If the State Bank of India earned Rs 1,771 crore as penalty charges from accounts that did not maintain their minimum balances in April-November 2017, as The Indian Express reported earlier this week, and this amount exceeded its second-quarter profit, the amount does look usurious.
If the State Bank of India earned Rs 1,771 crore as penalty charges from accounts that did not maintain their minimum balances in April-November 2017, as The Indian Express reported earlier this week, and this amount exceeded its second-quarter profit, the amount does look usurious. Indeed, a paper by IIT Bombay’s Mathematics professor Ashish Das uses data to highlight another problem, that the banks charge the highest penalties (in percentage terms) to those who can least afford them. Das points out that SBI charges penalties of Rs 30/40/50 for different brackets of Rs 0-1,500, Rs 1,500-2,250 and Rs 2,250-3,000. Take the mid-point of each range and apply the monthly penalty and it works out to 4% for the first slab, 2.13% for the next and 1.9% for the third. Though the rates differ for each bank, by and large, all those analysed by Das show a similar regressivity in their penalties. Das contrasts this with the rate in the inter-bank call market—where banks borrow money in case their balances fall short due to, say, a customer not maintaining her minimum balance—and concludes that they are nothing but extortionary; indeed, he points out, customers who do not maintain their minimum balances (there is no credit risk) end up paying interest rates higher than on even high-risk credit-card debt.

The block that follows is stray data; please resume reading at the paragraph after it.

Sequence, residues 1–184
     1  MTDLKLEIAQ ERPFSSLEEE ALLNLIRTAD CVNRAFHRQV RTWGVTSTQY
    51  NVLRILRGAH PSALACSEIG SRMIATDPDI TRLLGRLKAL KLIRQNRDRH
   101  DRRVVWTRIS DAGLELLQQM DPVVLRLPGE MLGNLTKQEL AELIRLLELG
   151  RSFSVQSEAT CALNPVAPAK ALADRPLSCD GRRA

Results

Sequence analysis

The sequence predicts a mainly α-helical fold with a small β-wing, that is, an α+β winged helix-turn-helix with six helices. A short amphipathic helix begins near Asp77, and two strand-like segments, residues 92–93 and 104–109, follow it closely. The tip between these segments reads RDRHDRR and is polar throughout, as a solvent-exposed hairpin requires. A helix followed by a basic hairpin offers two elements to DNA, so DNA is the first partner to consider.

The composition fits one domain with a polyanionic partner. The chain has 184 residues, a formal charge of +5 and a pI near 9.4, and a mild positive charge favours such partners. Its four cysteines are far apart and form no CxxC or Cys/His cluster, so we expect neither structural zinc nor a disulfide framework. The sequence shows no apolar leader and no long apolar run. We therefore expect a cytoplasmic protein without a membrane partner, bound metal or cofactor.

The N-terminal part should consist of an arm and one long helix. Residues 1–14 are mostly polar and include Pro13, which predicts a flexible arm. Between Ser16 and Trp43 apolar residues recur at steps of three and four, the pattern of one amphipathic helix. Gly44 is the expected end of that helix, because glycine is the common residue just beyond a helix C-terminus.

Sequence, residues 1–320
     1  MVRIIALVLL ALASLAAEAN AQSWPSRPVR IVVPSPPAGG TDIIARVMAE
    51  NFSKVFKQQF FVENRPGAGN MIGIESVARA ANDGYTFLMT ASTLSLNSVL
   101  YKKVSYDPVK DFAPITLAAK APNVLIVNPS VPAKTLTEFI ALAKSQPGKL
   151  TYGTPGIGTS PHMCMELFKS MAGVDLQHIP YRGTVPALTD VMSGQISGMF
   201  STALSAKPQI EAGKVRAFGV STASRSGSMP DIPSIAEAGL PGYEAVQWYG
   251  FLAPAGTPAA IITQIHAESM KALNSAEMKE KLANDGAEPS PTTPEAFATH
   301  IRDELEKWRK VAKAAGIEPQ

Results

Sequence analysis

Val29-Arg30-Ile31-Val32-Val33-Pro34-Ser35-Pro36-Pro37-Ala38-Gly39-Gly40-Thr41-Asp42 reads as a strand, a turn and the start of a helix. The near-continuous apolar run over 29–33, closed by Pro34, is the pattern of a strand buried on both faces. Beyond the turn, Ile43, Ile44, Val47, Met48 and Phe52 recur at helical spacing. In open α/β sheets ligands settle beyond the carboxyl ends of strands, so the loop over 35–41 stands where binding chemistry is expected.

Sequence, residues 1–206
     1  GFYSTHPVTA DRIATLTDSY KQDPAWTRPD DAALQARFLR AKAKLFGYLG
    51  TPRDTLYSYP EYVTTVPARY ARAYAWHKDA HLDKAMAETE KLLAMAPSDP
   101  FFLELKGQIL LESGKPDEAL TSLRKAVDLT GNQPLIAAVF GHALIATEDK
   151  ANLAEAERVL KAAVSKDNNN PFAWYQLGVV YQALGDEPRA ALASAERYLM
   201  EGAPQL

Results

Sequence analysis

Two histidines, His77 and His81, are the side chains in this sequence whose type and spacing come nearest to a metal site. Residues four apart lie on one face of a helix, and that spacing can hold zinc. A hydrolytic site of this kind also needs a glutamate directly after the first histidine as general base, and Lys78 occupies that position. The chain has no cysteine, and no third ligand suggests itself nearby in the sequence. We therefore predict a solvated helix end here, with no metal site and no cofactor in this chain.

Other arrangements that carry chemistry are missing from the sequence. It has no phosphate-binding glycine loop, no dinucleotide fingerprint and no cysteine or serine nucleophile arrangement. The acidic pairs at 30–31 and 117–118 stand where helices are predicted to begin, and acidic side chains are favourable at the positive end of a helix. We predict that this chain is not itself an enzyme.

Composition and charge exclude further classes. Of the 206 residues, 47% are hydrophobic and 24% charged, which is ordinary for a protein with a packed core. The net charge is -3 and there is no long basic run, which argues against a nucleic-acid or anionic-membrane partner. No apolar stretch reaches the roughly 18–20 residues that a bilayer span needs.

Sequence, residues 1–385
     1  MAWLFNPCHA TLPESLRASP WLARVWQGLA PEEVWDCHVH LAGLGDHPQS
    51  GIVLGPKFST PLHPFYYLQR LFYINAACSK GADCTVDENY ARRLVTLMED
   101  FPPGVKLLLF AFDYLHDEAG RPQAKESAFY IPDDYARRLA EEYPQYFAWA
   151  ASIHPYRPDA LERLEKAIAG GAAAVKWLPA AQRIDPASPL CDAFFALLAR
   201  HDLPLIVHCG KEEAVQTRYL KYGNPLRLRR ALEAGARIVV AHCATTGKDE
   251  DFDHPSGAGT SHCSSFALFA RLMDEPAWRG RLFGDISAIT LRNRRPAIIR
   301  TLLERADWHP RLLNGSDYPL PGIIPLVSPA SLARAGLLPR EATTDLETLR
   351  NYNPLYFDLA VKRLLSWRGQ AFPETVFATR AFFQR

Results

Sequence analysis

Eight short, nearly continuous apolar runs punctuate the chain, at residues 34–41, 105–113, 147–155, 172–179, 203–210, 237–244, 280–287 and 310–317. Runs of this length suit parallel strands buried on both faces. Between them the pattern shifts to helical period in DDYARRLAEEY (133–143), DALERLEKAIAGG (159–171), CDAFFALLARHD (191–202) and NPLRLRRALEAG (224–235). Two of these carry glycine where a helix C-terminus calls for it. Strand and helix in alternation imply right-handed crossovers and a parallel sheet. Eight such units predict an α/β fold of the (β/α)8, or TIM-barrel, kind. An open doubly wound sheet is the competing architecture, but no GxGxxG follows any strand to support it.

Put that way, RBI certainly needs to intervene, especially since its directives talk of need for proportionality. Except, this proportionality is hardly found anywhere. Smaller money transfers in the post office attract proportionately higher charges, large corporates get better hotel and airline rates, mobile and other data packages cost less per GB when you buy bigger ones, and the examples can be multiplied manifold. So, if banks are willing to give a better deal to bigger depositors, it is because they also earn more from their deposits which tend to be more sticky and sizeable. Also, banks have to pay for maintaining costly branch networks, ATMs, cheque books and other facilities and, in the case of public sector banks, even going to remote areas to set up no-frills/Jan-Dhan accounts and servicing them despite them having minuscule deposits. So, while RBI is examining whether they have violated its guidelines of proportionality and the government cracks down on them to lower the minimum balances—and penalties for not maintaining them—it needs to see how this expenditure is to be amortised; if it is to be absorbed, few banks will want less well-heeled customers. The economics change with e-banking since many of the traditional costs such as on branch banking are eliminated—Kotak’s 811 has no minimum balance. So, while there may be a case for lowering some penalties the traditional banks charge after a thorough study, it would be foolhardy to condemn them outright.